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Secrets of Salsa = Secretos de la Salsa : A Bilingual Cookbook by the Mexican Women of Anderson Valley (2002)

May 17, 2013
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Secrets of Salsa = Secretos de la Salsa : a Bilingual Cookbook by the Mexican Women of Anderson Valley (2002) edited by Kira Brennan. UTSA Libraries Special Collections.

Secrets of Salsa = Secretos de la Salsa : A Bilingual Cookbook by the Mexican Women of Anderson Valley (2002) edited by Kira Brennan. UTSA Libraries Special Collections.

Brennan, Kira. Ed. Secrets of Salsa = Secretos de la Salsa: A Bilingual Cookbook by the Mexican Women of Anderson Valley. White River Junction, Vermont: Chelsea Green Publishing Company [TX819. S29 S43 2002].


Secrets of Salsa was the product of an English as a Second Language class at Anderson Valley Adult School in Anderson Valley, California. Students took turns bringing in a favorite salsa, and during each session, the class translated the recipe from Spanish to English and shared stories about their recipes. The cookbook presents 25 of these recipes in both Spanish and English, ranging from Salsa Fresca Tradicional, a pico de gallo style salsa of fresh tomatoes, serrano chiles, and cilantro, to more unusual recipes such as Salsa de Mango y Pepinos, a mix of cucumbers and mangos, or Salsa de Ajonjolí Tostado, a purée of chiles de árbol and sesame seeds.  All three of these recipes are presented below.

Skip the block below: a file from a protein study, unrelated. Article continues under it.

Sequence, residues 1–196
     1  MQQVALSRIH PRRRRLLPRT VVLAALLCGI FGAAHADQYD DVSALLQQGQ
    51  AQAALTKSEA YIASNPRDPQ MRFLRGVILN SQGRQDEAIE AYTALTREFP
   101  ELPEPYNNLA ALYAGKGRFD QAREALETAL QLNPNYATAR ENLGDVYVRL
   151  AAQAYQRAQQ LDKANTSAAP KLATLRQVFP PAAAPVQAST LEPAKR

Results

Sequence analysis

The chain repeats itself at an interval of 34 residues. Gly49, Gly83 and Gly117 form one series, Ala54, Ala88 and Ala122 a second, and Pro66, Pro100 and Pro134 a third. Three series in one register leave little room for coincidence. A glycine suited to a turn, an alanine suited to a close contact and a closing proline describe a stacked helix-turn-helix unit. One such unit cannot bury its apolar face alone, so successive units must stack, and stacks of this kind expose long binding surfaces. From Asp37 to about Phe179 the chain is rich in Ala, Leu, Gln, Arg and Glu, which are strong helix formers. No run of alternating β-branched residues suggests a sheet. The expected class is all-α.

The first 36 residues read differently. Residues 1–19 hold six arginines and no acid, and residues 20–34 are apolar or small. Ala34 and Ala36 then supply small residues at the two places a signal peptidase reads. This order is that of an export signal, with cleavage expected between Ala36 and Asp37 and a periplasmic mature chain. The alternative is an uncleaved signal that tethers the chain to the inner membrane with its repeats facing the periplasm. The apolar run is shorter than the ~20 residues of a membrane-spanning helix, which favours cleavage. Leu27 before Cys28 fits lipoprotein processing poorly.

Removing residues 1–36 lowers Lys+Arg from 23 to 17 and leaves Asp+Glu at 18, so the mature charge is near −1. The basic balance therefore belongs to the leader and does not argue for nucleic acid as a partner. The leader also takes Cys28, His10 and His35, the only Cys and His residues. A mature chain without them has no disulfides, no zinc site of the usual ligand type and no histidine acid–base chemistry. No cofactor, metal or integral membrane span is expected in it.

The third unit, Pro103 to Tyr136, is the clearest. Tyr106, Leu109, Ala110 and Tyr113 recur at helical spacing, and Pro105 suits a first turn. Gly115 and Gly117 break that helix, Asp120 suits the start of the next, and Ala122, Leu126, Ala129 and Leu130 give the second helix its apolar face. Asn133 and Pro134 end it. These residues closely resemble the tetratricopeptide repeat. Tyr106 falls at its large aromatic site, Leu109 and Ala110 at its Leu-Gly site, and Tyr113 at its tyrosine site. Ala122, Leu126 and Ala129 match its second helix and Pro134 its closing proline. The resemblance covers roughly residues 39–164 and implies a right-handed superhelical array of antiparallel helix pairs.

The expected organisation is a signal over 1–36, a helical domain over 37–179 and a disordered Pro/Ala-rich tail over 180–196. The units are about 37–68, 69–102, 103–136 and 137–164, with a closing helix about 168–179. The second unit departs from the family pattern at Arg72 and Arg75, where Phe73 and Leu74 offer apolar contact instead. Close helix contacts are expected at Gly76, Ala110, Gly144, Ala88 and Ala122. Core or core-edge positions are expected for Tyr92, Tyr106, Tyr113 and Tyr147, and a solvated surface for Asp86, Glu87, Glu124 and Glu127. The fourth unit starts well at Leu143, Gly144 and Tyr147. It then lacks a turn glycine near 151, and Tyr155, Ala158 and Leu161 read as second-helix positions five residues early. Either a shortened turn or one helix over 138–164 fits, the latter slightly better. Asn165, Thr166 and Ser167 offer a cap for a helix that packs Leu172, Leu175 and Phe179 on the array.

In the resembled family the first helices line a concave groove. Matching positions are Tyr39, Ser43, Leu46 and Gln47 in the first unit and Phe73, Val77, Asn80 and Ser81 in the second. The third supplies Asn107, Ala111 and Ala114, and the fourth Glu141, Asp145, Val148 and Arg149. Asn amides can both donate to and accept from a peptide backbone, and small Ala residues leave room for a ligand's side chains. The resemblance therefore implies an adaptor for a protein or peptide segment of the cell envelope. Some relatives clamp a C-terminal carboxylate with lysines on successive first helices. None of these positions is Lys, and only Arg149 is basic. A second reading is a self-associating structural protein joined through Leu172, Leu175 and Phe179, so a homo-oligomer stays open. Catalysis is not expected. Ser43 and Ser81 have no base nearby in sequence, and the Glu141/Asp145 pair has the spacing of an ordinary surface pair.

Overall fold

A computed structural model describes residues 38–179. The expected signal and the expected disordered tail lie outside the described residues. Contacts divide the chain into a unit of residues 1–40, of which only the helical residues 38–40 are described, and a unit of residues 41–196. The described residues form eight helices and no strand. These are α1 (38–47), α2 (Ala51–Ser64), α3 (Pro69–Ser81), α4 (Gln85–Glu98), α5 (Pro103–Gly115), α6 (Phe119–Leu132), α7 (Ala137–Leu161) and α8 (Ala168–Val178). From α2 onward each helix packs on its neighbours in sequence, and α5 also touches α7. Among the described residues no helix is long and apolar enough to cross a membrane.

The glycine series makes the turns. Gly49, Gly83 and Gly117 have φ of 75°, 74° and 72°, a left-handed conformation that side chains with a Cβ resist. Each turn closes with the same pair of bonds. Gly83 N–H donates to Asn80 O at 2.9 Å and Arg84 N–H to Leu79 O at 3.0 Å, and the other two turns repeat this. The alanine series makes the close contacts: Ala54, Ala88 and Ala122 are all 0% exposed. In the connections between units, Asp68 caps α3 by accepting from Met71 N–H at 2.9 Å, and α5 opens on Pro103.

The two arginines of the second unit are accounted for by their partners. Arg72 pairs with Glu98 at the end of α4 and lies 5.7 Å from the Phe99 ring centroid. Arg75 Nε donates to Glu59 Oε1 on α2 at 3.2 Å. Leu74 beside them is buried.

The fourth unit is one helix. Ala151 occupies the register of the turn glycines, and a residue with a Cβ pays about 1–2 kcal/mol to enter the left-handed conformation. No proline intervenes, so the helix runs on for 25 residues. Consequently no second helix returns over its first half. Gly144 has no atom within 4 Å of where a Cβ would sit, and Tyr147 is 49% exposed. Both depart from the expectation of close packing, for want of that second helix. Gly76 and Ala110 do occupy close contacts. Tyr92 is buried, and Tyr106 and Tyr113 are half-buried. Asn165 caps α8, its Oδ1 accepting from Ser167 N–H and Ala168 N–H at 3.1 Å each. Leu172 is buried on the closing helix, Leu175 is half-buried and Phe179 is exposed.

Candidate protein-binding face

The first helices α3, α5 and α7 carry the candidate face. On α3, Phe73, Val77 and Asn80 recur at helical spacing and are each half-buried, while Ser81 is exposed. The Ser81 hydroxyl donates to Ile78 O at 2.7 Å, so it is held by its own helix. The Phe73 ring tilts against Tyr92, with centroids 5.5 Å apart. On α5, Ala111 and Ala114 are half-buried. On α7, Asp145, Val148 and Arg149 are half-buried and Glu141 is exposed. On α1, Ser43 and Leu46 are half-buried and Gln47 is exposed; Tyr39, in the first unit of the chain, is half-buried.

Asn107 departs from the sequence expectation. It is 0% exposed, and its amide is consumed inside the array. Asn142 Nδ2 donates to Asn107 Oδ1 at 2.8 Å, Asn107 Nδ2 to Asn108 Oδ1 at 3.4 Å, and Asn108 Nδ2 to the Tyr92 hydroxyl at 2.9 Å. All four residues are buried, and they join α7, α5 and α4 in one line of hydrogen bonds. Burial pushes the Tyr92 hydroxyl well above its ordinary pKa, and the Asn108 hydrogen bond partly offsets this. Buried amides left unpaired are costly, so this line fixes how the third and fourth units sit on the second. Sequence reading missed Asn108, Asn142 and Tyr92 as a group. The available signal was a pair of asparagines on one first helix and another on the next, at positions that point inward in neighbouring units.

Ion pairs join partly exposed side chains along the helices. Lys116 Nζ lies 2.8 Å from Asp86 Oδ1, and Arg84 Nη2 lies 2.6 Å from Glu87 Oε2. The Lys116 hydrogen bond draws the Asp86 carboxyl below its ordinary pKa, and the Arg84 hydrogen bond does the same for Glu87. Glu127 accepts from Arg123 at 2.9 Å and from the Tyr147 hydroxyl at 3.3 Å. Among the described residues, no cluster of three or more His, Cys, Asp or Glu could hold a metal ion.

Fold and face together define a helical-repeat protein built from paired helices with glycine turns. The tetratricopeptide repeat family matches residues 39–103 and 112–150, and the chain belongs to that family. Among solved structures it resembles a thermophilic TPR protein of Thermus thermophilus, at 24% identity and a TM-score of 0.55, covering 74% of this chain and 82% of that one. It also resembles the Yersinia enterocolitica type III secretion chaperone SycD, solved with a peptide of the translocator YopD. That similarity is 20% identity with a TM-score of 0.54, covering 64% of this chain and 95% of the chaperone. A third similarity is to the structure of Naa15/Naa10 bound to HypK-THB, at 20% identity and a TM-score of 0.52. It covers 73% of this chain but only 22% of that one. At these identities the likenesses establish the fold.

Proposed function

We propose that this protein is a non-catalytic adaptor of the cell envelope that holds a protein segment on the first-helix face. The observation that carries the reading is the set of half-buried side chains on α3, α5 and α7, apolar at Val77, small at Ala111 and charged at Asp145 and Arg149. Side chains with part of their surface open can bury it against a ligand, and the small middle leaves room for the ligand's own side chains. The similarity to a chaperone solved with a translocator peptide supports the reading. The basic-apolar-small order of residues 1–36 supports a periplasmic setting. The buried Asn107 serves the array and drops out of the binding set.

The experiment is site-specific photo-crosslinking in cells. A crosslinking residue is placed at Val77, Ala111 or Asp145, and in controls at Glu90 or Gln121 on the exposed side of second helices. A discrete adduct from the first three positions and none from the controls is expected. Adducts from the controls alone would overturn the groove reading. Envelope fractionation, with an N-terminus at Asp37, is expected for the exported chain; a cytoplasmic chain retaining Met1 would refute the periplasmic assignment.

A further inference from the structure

Salsa de Mango y Pepinos (no es picante) by Teresa Álvarez (P. 7)

  • 2 pepinos medianos
  • 1 mango grande
  • 1-2 chiles jalapeños o serranos
  • 3 limones verdes
  • 1/2 diente de ajo
  • 1/2 cucharadita de chile en polvo
  • sal al gusto

Pelar el mango y los pepinos. Picarlos en trocitos. Agregar el ajo y los chiles bien picados. Ponerlo todo en un tazón y agregarle el jugo del limón, la sal al gusto y el chile en polvo.

Este salsa viene de “tierra caliente” y es conocida como “pico de gallo.” Teresa recuerda que su abuela la preparaba. Es una salsa fresca y excelente en días calurosos. Teresa es de Uruapán, Michoacán y ha vevido en Anderson Valley por diez años.


Mango Cucumber Salsa (mild) by Teresa Álvarez (P. 6)

  • 2 medium cucumbers
  • 1 large mango
  • 1-2 jalapeños or serrano chillies
  • 3 limes
  • 1/2 clove garlic
  • 1/2 tsp. chili powder
  • salt to taste

Peel mango and cucumbers. Chop into small bite-sized pieces. Add finely chopped garlic and chilies. Put into a bowl with salt and lime juice. Sprinkle with red chili powder.

This salsa comes from the “tierra caliente” (the hot lands) and is commonly known as “pico de gallo” (rooster’s beak). Teresa remembers her grandmother making this salsa and how refreshing it could be on hot days. She is originally from Uruapán, Michoacán, and has lived in Anderson Valley for ten years. 


Salsa de Ajonjolí Tostado (muy picante) by Carmelia Roldàn & Arcelia Saucedo (p. 9)

  • 30 chiles de árbol (secos)
  • 2/3 taza de aceite
  • 1/2 diente de ajo
  • 3 cucharaditas de semillas de ajonjolí (tostadas)
  • sal al gusto